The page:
4 months ago 2 min read

Metallica Warns About Crypto Fraud Before Album Release


Scammers have started impersonating fans on social media in an effort to lure them in before the highly anticipated release and tour of the Metallica band's 72 seasons album.

Metallica is cautioning fans to be on the lookout for phony cryptocurrency giveaways and other frauds just before the release of their 72 Seasons album in order to quickly prevent this.

The news about Metallica's band position comes in the wake of revelations about YouTube impersonations, phony verified Twitter accounts, and the alleged theft of almost $25,000 in Bitcoin from a 51-year-old Manhattan resident by means of a front-runned false Metallica YouTube channel.

On December 6th, Metallica stated:

“Many of you have let us know about YouTube channels and live streams, as well as websites, claiming to offer Metallica Crypto giveaways in conjunction with last week’s announcement. Let’s be clear as possible. These [metallic crypto giveaways] are scams.”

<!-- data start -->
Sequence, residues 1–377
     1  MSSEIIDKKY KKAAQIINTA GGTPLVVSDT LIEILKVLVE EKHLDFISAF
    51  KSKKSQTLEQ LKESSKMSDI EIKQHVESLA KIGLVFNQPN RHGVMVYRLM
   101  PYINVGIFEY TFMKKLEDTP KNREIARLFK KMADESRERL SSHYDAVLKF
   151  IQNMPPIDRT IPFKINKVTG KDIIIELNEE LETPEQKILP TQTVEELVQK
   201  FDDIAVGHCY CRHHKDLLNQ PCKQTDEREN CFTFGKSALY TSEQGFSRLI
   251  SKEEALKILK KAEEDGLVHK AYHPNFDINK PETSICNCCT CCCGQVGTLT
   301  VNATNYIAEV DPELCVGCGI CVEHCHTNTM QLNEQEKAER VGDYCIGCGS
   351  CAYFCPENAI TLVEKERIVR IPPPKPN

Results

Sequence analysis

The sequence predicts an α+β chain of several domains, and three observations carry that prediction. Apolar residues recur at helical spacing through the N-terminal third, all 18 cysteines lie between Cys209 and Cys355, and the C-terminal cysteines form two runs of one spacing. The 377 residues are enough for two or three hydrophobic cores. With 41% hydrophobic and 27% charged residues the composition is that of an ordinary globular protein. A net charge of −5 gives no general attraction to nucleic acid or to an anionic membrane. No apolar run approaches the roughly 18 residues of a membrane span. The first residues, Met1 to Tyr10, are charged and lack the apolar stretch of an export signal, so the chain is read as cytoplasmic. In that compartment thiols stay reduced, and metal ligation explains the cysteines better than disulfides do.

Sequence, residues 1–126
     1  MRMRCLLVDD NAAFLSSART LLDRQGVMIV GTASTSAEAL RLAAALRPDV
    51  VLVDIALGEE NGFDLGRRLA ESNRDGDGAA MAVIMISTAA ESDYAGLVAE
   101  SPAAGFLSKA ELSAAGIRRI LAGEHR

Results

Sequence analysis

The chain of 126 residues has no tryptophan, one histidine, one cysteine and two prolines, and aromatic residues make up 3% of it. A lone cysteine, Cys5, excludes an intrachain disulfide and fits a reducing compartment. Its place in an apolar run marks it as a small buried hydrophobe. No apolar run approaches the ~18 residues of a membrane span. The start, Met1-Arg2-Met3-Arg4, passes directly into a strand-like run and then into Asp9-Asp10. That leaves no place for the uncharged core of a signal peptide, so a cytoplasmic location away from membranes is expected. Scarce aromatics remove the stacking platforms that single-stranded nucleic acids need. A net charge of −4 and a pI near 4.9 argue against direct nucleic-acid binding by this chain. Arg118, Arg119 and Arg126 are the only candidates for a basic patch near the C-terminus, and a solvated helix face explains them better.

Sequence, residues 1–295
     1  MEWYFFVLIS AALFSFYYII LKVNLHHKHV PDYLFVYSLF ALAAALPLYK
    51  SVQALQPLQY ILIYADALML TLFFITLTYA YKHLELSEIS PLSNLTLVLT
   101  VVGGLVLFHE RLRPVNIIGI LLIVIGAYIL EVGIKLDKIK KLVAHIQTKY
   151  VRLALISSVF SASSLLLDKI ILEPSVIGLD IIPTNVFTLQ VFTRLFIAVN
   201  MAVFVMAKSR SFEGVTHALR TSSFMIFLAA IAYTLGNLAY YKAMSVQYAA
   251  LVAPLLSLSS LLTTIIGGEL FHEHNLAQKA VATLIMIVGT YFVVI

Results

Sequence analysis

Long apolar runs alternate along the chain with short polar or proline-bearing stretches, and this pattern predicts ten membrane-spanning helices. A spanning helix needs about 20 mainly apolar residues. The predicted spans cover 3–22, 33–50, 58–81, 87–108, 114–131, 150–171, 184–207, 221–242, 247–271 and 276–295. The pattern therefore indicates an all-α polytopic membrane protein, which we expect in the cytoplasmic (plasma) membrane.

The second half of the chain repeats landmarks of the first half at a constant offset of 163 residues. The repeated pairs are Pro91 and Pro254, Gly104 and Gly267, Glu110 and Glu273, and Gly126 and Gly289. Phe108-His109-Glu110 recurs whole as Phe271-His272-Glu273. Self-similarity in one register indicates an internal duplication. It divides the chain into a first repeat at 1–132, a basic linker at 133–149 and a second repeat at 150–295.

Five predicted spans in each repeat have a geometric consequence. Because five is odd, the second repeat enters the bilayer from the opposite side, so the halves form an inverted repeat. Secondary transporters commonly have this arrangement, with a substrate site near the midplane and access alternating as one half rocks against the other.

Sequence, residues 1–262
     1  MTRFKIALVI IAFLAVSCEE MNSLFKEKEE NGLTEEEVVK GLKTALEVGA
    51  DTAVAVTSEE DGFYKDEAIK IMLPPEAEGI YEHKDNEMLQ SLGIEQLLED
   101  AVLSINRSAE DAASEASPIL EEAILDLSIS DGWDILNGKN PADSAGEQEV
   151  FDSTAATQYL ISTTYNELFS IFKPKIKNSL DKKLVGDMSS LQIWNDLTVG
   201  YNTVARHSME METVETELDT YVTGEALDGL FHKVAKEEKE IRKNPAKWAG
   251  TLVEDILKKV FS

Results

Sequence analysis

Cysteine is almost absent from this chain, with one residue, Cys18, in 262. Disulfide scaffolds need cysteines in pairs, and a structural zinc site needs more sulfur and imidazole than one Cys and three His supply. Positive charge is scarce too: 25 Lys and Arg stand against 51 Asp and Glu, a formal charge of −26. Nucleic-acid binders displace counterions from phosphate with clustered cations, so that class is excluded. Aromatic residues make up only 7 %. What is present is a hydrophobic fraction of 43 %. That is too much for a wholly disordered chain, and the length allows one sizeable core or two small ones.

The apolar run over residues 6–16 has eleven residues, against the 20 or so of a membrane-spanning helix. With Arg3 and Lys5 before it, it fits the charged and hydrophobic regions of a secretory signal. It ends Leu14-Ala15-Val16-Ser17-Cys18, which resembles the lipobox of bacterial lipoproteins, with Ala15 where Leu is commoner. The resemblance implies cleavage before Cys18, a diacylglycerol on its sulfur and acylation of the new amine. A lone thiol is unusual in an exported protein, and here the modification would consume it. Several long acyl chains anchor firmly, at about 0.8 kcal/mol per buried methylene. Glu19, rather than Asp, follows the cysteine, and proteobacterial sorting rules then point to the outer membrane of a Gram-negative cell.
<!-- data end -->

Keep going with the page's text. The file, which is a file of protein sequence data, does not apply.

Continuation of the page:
They also added:

They’re being streamed on fake YouTube channels posing to be ours and all pointing to websites that we do not run. Please remember, all our official social media channels are verified. Always look for official verification before believing something wild and crazy to be true.  We thank all of you who have been vigilant in reporting live stream to YouTube and to us… Please don’t let it up!”

Metallica went a step further by revealing its official social media accounts and advising followers to get used to the symbols.

Be familiar with the symbols that indicate an official channel and report anything that is a scam!”

To prevent followers from falling for the common cryptocurrency giveaway scams, the band's Twitter account also provided a list of their official social media accounts. The band released on a tweet on their official account:

Development of Metallica's Present Stance Against Fraud

In a report, the blockchain security company Certik claimed that the current Metallica scams are a contributing factor in the 500% increase in YouTube front-running scams over the previous year. CrediK stated:

“We analyzed YouTube for videos mentioning the phrase “front running bot” and found that of a sample of 232 videos, 84% were scams. The videos we analyzed started to circulate in 2021 and, as can be seen in the table below, saw a six-fold increase in 2022. Many videos can be clearly identified as scams from their title alone.”
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